In going through the repository of objects contributed by Jurong locals, Ding’s artwork provokes deep reflections on the neighbourhood as visitors discover the different things that made, and make, Jurong. For families with young children, Data Mining Jurong gives the younger ones a glimpse of the transformation of their neighbourhood, while encouraging them to imagine the future of Jurong. 

St Anthony’s Primary School, Primary 4 students, Our HDB Corridors, 2020; image courtesy of Singapore Art Museum

In partnership with CHIJ Our Lady Queen of Peace, Geylang Methodist School (Primary), Haig Girls’ School, Mayflower Primary School and St. Anthony’s Primary School, SAM presents Between the World and Us – A Think! Contemporary Primary School Virtual Exhibition. This ninth edition of the Think! Contemporary Programme is the museum’s first virtual showcase, exhibiting 18 artworks on the diverse experiences of Primary Four students in the time of the pandemic. Opening on 18 November 2021, the exhibition is spread across four sections: The Stories, The Spaces, The People, and The Hope.

SAM’s signature Think! Contemporary Programme integrates school curriculum with museum visits and uses artworks from SAM’s exhibitions as primary resources for classroom teaching. It is part of the museum’s efforts to co-develop programmes with partner schools and encourage an appreciation for the arts among the younger generation. In this particular edition, students were invited to take inspiration from two past exhibitions, Once Upon This Island from SAM’s Learning Gallery and Singapore Biennale 2019: Every Step in the Right Direction. Lessons were conducted virtually for the first time in this edition, challenging students to push their creative boundaries and to experiment with various digital mediums for their artworks.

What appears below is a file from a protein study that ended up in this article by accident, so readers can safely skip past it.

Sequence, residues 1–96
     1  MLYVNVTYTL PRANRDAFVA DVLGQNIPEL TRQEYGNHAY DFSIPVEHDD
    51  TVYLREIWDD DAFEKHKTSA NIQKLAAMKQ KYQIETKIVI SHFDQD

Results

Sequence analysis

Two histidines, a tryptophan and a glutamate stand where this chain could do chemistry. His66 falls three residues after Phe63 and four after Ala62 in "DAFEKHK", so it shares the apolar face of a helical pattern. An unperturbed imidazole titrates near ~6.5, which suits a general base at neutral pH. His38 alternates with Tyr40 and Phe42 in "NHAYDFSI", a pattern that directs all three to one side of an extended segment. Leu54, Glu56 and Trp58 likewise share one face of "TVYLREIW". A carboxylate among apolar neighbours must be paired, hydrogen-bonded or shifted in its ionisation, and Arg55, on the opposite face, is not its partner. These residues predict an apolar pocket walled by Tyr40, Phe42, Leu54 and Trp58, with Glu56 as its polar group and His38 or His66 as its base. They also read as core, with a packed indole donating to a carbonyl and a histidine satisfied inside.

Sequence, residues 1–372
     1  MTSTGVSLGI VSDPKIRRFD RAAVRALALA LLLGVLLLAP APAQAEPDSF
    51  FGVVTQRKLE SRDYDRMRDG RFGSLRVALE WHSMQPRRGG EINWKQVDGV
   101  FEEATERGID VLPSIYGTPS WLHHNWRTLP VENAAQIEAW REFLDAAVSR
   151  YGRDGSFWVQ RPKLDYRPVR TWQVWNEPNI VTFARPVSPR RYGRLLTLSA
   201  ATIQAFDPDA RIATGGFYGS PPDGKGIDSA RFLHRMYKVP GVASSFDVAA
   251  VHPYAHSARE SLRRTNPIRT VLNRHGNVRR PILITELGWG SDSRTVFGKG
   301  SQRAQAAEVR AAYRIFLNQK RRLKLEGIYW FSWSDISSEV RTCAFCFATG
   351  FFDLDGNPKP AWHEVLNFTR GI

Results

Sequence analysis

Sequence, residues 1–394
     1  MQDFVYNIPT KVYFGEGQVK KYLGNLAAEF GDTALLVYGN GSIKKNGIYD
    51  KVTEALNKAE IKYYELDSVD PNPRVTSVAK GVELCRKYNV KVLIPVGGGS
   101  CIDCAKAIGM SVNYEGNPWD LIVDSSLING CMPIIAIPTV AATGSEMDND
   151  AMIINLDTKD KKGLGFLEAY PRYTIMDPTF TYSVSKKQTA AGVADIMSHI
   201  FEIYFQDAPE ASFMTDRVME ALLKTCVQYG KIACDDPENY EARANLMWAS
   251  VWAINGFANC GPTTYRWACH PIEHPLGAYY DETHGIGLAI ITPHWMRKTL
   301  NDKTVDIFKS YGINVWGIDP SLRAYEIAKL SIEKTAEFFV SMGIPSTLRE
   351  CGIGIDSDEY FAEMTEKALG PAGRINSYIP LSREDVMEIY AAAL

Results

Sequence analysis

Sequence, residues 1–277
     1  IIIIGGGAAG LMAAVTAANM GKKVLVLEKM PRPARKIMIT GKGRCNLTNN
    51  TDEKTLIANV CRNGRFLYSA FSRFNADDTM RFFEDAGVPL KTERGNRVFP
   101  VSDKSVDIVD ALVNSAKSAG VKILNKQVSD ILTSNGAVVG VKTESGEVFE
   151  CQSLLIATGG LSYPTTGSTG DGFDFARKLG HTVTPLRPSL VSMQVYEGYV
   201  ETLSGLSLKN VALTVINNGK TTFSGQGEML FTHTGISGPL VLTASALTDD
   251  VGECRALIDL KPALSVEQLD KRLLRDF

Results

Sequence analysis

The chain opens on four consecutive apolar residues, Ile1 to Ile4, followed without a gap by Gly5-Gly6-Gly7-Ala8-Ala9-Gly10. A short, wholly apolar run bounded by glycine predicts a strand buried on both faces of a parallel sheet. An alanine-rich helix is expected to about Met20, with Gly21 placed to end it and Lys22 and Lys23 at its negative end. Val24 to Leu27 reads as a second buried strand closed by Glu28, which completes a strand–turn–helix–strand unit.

Sharing his learnings from the programme, Ian Koh Rui Feng from St Anthony’s Primary School says, “I used to think art was about drawings and paintings. But I now realise that it can be anything and everything around us. I like how an “ordinary” image can tell a much deeper story if we only give it a chance to speak to us.” Crystal Anne Wan from Haig Girls’ School also shares, “I learnt that art is about how you express yourself, not verbally but through the creative use of colours. For example, my group’s artwork We Are Family used different mediums which looked very nice when pieced together.”

Accompanying programmes include a virtual art hunt with prizes to be won, as well as an online talk, Thinking Contemporary Art in the Classroom: A Sharing by Teachers on the ideas behind the artworks and navigating this museum-based learning programme during the COVID-19 pandemic. 

Young ones can also stretch their imagination and try their hand at creating their own art through a series of child-friendly art workshops. The Explorer Project features a series of programmes inspired by the relocation of The Explorer, a sculpture by artist and Cultural Medallion recipient Ng Eng Teng, to Science Centre Singapore. 

Annuendo, Illustration of The Explorer comic, 2021; image courtesy of Singapore Art Museum

Central to the project is the launch of a new intergalactic comic by SAM, The Explorer, on 20 November 2021. To encourage a more holistic educational approach incorporating Science, Technology, Engineering, the Arts and Mathematics (STEAM), accompanying programmes for children and families include online talks and workshops conducted over Zoom on illustration, interactive storytelling as well as sculpture making. 

For the full calendar and details of upcoming exhibitions and programmes, visit